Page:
Hope everyone had a chance to spend quality time with their families on Thanksgiving. Earlier in my career, I wasn’t really too sure what I wanted to do. I was split between getting paid and trying to be a musician. Not only that, but my personal life was spread thin.
In retrospect, I appreciate all my business partners, associates, coworkers, supervisors, and mentors for being patient in my journey to being who I am. Sometimes I wish I could’ve communicated more in the past rather than hold all my cards close to my chest.
Starting a consulting business this year has been challenging but fruitful on multiple levels. I’m learning about available resources, determining what I bring to the table, and gaining more experience than I can imagine. So in the spirit of the holidays, there might be more retrospective posts than usual.
I was talking with someone the other day about how improvements can be accomplished. For me, a lot of it is identifying patterns and the conversation triggered my memory banks. I thought about where I’ve worked, I’ve identified patterns and made improvements and it’s kind of like music.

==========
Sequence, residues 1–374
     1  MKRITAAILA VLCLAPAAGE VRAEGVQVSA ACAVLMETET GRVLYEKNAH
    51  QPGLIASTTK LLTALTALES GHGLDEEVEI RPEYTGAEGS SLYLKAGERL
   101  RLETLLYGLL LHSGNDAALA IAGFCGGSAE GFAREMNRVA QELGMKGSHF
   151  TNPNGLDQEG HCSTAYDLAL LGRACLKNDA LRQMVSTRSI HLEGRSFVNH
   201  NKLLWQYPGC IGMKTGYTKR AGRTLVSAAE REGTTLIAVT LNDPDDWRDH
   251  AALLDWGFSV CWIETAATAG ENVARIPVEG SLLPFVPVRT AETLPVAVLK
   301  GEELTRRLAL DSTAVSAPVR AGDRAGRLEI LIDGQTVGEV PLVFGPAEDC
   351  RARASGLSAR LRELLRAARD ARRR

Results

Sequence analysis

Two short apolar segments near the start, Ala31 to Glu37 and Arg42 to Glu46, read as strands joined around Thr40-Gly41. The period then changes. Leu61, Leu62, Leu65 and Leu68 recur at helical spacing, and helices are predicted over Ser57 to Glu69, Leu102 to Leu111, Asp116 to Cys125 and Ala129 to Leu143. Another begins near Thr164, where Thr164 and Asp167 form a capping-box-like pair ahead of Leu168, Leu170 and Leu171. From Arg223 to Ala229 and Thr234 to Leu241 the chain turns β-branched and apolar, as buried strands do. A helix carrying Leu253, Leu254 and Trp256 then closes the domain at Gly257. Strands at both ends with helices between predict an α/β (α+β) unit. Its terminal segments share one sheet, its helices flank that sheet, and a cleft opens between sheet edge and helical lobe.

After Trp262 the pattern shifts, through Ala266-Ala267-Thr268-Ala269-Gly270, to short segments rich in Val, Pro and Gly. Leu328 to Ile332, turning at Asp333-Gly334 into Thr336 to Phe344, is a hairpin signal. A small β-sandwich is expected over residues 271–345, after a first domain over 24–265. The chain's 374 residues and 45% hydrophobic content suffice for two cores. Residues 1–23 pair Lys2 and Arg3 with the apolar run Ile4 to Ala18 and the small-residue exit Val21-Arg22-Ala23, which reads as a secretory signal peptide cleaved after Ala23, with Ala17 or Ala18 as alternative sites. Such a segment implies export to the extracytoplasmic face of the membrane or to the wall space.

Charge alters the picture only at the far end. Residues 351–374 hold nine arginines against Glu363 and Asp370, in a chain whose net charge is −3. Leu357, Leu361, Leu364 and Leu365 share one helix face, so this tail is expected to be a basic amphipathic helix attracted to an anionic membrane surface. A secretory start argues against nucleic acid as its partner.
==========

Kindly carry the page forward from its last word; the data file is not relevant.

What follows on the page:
When I was a musician I had to find patterns to make music. Jazz was a big influence. I took a course in jazz music and appreciated the idea of listening to the crowd and improvising. The thought of jamming and coming up with ideas was interesting to me and it tied to identifying patterns. However, my skills of improvising on the spot was limited. I spent a lot of time in front of a computer using grids to figure out what patterns sound good. A habit that was useful later on in my career as an IT professional.
Recently, I came across this article (http://www.shinemusic.com.au/musicresources/jazz-vs-classical-music.aspx) establishing the differences between jazz and classical music. Both genres of music are using different paths to get to the listener. Classical is geared towards a written form, kind of like being really good at writing. Jazz is geared towards recorded form since there isn’t a written structure to note the immediacies of improvisation.
To tie this train of thought that went to music and tie it back to pattern identification and improvement, everyone identifies and records patterns differently. We assume that it cannot translate into something recorded and blame “gut instincts” or “tribal knowledge”. However, I believe there’s a way to record, mimic, and identify improvements. It just may not be through traditional methods.